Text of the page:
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or a lawless romance, or boldly embroidered with imaginary character and incident like the remote reign of King John.

The task of bringing these two conflicting lines of interest and sympathy into focus was not insuperable. But it may well have been hard enough, with material not of gossamer romance but of intractable history, to check the impetus of an imagination which, to judge by even the finest work in this drama, had already lost something of its shaping power, something of its marvellous mastery of soulcharacter. The fragment was abandoned, and passed, probably in company with the twin fragment of The Two Noble Kinsmen, into the hands of Shakespeare's brilliant successor, whose facile pen and lax artistic conscience lightly dared the problem which Shakespeare had declined, piecing out the interrupted destinies of his persons with death-scenes of a ready and fluent pathos, but contriving to lift into prominence all the lurking weaknesses of the plot. It was reserved for Fletcher to render Shakespeare's work fairly liable to Hertzberg's summary of it as 'a chronicle-history with three and a half catastrophes, varied by a marriage and a coronation-pageant,' and to mingle the memory of the English Hermione's unavenged and unrepented wrongs with the dazzling coronation of her rival and exuberant prophecies over the cradle of her rival's child.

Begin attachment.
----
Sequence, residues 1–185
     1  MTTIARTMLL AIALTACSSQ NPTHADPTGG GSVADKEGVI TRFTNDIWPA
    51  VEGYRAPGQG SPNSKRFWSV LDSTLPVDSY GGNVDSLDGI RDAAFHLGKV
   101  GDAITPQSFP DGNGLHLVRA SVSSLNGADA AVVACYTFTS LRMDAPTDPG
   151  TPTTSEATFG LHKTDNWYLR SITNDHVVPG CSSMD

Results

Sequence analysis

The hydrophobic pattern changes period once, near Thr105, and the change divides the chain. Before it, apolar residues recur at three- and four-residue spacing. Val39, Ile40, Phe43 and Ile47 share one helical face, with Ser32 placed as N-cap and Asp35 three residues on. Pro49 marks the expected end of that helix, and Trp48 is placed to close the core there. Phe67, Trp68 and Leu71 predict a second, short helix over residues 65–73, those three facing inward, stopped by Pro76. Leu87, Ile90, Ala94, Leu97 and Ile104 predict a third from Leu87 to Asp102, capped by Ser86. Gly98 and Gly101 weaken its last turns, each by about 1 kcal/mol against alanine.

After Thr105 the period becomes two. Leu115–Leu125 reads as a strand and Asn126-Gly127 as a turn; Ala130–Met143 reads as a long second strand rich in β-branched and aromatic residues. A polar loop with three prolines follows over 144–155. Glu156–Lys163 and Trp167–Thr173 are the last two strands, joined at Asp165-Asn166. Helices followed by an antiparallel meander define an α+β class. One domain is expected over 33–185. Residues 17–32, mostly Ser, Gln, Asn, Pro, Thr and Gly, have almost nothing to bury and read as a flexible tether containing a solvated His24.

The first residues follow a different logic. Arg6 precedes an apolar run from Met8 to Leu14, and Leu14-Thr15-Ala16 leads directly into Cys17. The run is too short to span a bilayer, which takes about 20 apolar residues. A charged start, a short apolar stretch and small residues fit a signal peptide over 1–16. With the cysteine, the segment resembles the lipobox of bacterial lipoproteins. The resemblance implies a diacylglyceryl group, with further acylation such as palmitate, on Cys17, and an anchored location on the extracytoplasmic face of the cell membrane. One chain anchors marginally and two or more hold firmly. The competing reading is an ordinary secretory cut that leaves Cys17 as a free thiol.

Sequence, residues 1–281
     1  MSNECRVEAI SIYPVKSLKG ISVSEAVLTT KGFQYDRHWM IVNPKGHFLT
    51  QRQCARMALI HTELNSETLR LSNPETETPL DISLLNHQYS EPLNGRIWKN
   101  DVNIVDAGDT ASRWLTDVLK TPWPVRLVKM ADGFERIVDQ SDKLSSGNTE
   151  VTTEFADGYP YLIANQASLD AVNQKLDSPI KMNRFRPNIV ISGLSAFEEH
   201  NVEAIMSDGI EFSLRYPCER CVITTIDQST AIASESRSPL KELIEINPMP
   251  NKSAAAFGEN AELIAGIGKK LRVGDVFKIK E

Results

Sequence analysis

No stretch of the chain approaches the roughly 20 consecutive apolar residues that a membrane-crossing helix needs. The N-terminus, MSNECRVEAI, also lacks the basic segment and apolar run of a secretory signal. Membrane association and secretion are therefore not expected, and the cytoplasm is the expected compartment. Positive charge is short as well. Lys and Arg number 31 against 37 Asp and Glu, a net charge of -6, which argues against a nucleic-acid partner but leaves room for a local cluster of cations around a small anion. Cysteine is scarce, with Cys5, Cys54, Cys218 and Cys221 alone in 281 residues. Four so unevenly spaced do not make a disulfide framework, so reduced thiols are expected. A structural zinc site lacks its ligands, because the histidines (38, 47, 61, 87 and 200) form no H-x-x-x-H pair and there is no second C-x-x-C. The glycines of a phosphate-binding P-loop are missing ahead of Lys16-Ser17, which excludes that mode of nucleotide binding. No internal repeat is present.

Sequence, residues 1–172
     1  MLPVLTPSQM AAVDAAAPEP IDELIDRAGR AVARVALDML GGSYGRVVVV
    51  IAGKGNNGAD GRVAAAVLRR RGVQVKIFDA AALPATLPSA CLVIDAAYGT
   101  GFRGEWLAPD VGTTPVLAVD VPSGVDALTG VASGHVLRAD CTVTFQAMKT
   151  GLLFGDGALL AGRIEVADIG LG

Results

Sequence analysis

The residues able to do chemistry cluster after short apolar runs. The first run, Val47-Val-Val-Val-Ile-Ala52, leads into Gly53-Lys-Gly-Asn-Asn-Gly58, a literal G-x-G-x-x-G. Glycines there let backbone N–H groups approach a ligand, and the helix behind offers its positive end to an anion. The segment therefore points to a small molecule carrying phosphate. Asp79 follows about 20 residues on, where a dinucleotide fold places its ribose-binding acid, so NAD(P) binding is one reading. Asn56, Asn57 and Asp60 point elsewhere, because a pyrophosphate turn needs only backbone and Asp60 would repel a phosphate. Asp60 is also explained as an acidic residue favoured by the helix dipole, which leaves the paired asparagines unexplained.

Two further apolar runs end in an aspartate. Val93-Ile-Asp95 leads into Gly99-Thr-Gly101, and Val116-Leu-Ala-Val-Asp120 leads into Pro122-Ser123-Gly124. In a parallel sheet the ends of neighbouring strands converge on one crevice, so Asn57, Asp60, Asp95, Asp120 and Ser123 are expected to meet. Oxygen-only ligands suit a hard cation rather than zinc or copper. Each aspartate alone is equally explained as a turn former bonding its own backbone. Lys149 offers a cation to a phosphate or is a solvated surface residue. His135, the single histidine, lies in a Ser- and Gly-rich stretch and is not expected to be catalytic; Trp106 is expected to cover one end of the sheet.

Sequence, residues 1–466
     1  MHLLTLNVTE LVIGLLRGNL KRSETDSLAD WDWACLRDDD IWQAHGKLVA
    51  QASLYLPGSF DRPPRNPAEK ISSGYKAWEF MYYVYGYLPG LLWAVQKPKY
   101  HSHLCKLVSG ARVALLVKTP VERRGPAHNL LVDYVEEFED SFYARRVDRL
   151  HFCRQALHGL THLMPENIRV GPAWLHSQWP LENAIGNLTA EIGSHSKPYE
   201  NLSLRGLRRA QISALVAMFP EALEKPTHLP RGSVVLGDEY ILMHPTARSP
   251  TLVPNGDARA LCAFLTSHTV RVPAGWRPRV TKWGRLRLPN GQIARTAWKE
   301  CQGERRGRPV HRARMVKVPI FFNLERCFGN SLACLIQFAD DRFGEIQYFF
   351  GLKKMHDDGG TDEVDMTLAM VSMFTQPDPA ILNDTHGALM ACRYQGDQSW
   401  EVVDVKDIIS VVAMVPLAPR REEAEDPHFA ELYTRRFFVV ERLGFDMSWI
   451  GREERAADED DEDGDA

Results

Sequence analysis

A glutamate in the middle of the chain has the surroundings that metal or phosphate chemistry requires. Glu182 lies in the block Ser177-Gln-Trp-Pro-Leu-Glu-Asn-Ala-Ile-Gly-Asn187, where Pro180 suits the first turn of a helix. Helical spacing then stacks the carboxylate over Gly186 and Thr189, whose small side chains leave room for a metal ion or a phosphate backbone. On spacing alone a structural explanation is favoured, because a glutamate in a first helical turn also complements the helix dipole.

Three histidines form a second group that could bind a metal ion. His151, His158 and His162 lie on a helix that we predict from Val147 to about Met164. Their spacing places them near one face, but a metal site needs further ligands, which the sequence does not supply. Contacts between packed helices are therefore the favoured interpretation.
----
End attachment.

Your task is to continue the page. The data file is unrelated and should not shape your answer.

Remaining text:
I COME no more to make you laugh: things now,
That bear a weighty and a serious brow,

Sad, high, and working, full of state and woe,
Such noble scenes as draw the eye to flow,
We now present. Those that can pity, here
May, if they think it well, let fall a tear;
The subject will deserve it. Such as give
Their money out of hope they may believe,
May here find truth too. Those that come to see
Only a show or two, and so agree

The play may pass, if they be still and willing,
I'll undertake may see away their shilling

Richly in two short hours. Only they
That come to hear a merry bawdy play,
A noise of targets, or to see a fellow

In a long motley coat guarded with yellow,
Will be deceived; for, gentle hearers, know,

3. working, moving.

12. their shilling, the usual price for a seat on the stage, the most privileged place in the

Elizabethan theatre.


16. guarded, faced. The yellow-faced motley coat was the garb of the Fool.

To rank our chosen truth with such a show
As fool and fight is, beside forfeiting

Our own brains, and the opinion that we bring,
To make that only true we now intend,
Will leave us never an understanding friend.
Therefore, for goodness' sake, and as you are

The first and happiest hearers of the town,
Be sad, as we would make ye: think ye see
The very persons of our noble story

As they were living; think you see them great,
And follow'd with the general throng and sweat
Of thousand friends; then in a moment, see
How soon this mightiness meets misery:
And, if you can be merry then, I'll say
A man may weep upon his wedding-day.


SCENE I. London,


An ante-chamber in the


Enter the DUKE OF NORFOLK at one door; at the other, the DUKE OF BUCKINGHAM and the LORD ABERGAVENNY.

Buck. Good morrow, and well met. How have ye done

Since last we saw in France?


20. the opinion that we bring, the reputation we bring (of making our ensuing play in strict accordance with truth).

I thank your grace,

24. happiest, best disposed, readiest to seize and respond to the dramatist's intention.